'Sugar Pie, Honey Bunch?' Why The Four Tops Didn't Like 'I Can't Help Myself'

By Jacob Shelton
Portrait of the Four Tops featured on the cover of The Four Tops Second Album (1965).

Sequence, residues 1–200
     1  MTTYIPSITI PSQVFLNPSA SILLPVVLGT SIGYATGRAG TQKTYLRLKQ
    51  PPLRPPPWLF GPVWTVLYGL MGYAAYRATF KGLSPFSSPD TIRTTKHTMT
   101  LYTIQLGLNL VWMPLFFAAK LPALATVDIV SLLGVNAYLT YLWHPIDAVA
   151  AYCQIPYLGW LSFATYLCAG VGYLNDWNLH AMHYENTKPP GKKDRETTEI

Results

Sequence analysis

Released on June 19, 1965, "I Can’t Help Myself (Sugar Pie, Honey Bunch)" thrust The Four Tops into the mainstream with their first chart-topping hit. The quartet, formed in 1953, had been around the block a few times, with several record labels, before eventually landing at Motown, where they sang jazz standards and backup vocals on some of their label-mates' hits. In 1964, the Four Tops nearly made the Billboard Top Ten with "Baby I Need Your Loving," which peaked at #11 on the Hot 100. "Baby I Need Your Loving" was a composition of Motown's famous Holland-Dozier-Holland songwriting team; noting its success, Motown began to think that the Four Tops could be a significant act for the label. Then came "I Can't Help Myself" and its maddeningly catchy first line of "Sugar pie, honey bunch," which proved Motown's hunch beyond all doubt.